Skylights featured on Astronomy Picture of the Day

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Skylights featured three times on Earth Science Picture of the Day: 1 , 2 , 3 , 4 .

Cloud Waves

Photo of the Week.. Waves of high clouds accent a turquoise sky.

Astronomy news for the week starting Friday, July 30, 2004.

Skylights now resumes its normal weekly schedule. Thanks for your patience.

We begin the week with the Moon just shy of its full phase, which it reaches on Saturday, July 31, around noon, causing the full Moon to rise a bit after sunset in North America. Since July already saw a full Moon on Friday, July 2nd, this one is by folk tradition called a "blue moon," which derives from a sort of orphanage status in which the full Moon name-of-the-month has already been taken (in North America, the month of July holding the "thunder moon" or "hay moon").

A few hours after full, the Moon passes five degrees to the south of Neptune. Then as our companion wanes in its gibbous phase toward third quarter (that phase reached next Saturday, August 7), it crosses south of Uranus on Monday, August 2. Since the Moon encounters Neptune near the lunar full phase, the planet must also be close to opposition to the Sun, which it achieves on Thursday, August 5, the planet still ensconced within Capricornus (Uranus in Aquarius south of the "Water Jar"). While Uranus is -- at bright sixth magnitude -- visible to the naked eye (though hardly under full Moon conditions), Neptune requires large binoculars or at least a small telescope to see.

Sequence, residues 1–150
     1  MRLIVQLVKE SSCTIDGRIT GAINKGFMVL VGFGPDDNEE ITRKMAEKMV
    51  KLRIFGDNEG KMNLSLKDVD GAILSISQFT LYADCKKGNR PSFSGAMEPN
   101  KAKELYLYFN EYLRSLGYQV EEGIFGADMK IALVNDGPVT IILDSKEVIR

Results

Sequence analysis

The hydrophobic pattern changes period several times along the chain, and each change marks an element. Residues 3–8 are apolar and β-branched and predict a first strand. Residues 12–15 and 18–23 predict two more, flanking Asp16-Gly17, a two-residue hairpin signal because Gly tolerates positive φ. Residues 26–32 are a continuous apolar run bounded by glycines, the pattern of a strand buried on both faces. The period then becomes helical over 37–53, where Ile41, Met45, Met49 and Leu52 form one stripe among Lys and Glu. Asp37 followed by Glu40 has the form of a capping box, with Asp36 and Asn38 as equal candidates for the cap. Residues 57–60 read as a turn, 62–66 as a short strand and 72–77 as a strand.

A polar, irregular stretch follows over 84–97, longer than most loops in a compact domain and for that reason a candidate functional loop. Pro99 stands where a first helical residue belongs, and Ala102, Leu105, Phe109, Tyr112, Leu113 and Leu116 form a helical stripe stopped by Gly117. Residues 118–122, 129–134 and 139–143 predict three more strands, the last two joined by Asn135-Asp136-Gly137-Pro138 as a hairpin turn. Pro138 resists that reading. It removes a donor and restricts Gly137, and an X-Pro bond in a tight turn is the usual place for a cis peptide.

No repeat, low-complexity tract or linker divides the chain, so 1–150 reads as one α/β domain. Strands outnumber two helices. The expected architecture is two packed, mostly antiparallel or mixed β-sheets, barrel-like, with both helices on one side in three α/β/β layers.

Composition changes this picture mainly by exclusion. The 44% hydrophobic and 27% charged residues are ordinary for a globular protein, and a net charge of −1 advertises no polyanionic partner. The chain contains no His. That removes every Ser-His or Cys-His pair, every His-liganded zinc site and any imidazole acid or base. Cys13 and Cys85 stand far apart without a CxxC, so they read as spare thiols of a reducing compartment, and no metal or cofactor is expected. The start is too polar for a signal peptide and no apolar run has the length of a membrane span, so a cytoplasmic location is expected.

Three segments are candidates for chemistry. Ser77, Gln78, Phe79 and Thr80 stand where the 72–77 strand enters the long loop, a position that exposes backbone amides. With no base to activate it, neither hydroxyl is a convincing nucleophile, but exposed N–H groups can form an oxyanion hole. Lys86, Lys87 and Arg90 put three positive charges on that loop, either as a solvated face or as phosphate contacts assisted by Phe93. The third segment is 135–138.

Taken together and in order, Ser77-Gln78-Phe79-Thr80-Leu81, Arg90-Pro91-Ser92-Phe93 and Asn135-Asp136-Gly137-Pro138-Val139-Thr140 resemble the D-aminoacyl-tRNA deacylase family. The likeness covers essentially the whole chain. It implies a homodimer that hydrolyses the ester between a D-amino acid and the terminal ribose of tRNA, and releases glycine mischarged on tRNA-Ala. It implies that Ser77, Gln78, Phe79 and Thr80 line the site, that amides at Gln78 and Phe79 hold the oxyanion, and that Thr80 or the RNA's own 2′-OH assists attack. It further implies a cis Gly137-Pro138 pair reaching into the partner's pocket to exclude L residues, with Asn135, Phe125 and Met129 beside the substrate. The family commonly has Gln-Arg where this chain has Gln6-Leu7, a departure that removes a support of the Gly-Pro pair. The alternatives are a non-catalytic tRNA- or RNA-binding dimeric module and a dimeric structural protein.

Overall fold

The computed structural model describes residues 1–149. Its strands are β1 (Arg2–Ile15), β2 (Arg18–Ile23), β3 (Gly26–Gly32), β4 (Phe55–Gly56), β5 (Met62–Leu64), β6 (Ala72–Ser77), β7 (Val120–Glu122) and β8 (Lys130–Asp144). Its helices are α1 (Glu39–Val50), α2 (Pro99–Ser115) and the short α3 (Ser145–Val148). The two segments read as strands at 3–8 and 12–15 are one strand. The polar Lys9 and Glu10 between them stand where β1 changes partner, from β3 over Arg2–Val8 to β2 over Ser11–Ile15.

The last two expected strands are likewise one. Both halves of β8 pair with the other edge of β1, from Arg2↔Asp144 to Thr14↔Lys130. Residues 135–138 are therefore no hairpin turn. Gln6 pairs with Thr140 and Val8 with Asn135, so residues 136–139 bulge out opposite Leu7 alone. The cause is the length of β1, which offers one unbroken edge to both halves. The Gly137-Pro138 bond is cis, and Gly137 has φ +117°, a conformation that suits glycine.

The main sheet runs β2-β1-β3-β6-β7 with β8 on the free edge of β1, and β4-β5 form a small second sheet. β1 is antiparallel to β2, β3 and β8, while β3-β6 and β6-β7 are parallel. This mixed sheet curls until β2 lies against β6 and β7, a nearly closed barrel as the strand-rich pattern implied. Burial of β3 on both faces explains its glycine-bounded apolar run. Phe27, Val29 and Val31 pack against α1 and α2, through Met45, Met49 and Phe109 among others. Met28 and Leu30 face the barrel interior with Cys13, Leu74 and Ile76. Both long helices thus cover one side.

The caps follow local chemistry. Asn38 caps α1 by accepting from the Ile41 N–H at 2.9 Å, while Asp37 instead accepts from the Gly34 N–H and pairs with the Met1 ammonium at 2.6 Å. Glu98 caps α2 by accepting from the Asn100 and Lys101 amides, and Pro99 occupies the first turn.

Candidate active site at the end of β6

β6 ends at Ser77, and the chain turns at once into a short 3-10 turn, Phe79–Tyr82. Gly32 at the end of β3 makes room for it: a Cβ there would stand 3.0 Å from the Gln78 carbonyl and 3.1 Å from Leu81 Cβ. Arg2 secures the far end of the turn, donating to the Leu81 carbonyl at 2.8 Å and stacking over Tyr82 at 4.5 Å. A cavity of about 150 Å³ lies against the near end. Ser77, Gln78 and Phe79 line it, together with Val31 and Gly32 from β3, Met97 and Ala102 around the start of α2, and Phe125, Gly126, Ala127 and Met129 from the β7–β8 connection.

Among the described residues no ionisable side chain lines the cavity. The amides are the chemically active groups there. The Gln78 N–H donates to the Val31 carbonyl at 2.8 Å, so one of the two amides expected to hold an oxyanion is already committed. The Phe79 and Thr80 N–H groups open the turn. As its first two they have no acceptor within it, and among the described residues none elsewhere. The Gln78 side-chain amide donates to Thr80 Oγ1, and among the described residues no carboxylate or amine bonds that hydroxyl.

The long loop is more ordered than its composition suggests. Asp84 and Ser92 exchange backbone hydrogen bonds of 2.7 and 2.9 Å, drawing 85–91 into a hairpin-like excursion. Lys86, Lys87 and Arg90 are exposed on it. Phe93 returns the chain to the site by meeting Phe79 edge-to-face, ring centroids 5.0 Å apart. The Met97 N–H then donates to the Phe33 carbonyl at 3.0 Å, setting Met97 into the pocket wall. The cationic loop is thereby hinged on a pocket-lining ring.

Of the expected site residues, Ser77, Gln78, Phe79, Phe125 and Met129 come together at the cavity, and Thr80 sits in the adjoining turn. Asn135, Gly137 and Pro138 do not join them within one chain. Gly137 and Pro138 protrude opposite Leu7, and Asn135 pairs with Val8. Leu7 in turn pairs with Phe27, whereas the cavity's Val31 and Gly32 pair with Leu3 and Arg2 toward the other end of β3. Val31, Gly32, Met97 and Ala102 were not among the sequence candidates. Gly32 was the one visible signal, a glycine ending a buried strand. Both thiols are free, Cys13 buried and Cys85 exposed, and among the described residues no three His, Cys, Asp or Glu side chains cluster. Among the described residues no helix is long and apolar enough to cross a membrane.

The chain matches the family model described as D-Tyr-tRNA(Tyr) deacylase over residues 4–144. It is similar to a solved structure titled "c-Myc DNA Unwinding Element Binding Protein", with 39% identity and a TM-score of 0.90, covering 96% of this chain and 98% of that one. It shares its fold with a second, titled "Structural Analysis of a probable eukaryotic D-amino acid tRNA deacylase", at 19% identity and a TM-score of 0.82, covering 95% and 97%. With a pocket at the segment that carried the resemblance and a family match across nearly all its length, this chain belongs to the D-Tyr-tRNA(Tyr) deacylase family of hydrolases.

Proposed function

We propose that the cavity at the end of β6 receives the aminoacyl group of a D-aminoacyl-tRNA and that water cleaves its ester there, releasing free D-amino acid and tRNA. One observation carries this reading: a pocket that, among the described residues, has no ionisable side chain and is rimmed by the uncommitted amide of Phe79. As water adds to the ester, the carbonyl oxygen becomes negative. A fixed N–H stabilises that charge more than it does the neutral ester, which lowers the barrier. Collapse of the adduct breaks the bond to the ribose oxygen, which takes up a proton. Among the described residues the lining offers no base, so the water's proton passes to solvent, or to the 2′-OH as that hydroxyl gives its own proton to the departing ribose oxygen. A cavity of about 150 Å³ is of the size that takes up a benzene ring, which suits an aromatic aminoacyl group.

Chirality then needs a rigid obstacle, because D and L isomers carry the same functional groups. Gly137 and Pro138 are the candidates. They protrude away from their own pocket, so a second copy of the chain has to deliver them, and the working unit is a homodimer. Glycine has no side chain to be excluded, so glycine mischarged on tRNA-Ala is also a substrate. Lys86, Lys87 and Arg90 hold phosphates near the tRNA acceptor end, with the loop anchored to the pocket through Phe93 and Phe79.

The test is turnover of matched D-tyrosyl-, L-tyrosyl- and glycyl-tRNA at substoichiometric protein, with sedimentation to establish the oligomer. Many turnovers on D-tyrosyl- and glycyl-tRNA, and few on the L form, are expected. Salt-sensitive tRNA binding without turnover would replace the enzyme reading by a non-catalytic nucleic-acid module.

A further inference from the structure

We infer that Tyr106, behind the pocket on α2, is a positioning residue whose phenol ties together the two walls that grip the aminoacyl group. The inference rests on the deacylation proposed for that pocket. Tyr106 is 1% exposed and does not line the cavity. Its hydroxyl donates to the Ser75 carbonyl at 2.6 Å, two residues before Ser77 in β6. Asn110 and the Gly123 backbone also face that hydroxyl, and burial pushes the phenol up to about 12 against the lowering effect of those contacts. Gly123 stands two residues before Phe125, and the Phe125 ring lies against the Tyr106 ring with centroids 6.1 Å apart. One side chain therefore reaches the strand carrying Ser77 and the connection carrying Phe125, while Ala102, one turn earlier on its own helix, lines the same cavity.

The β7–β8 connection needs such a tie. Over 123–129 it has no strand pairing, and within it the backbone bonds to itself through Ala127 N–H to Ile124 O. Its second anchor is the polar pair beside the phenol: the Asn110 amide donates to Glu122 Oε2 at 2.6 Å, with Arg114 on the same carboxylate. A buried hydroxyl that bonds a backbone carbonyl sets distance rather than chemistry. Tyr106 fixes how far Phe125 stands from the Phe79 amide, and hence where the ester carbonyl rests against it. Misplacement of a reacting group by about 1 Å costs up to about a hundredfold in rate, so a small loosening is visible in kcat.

As August begins, Jupiter" sets at the end of " astronomical twilight" (when the Sun reaches 18 degrees below the horizon and the sky becomes fully dark), and is increasingly difficult to see. The twilit evening of Sunday, August 1, finds it below Denebola in Leo and above and to the left of little Mercury, which is quickly disappearing as it heads toward inferior conjunction with the Sun.

Planetary glory now lies in the morning sky with Venus, which is rising almost as early as possible for this apparition, just before 3 AM Daylight Time, tucked into eastern Taurus and shining at nearly minus fifth magnitude. Complementing Jupiter, Saturn now rises at the beginning of astronomical twilight, the ringed planet slowly drifting eastward within east-central Gemini.

'Tis the season of Scorpius, the great constellation of the Zodiac that looks very much like the Scorpion it represents. For those in mid-northern latitudes, Scorpius seems to skim the southern horizon. The constellation is so far south that those living north of 47 degrees north latitude even begin to miss the lower end of the Scorpion's tail. Down and to the right of Scorpius is the bright figure of Lupus, the Wolf, which requires more southerly latitudes to admire, while directly east is the striking figure of Sagittarius, the Archer, which holds the brightest portion of the Milky Way. Far to the north of Sagittarius, and almost overhead in the early evening for northerners, find Vega in Lyra, the Harp, the star that anchors the northwestern apex of the Summer Triangle, the others of which are Deneb in Cygnus and Altair in Aquila.
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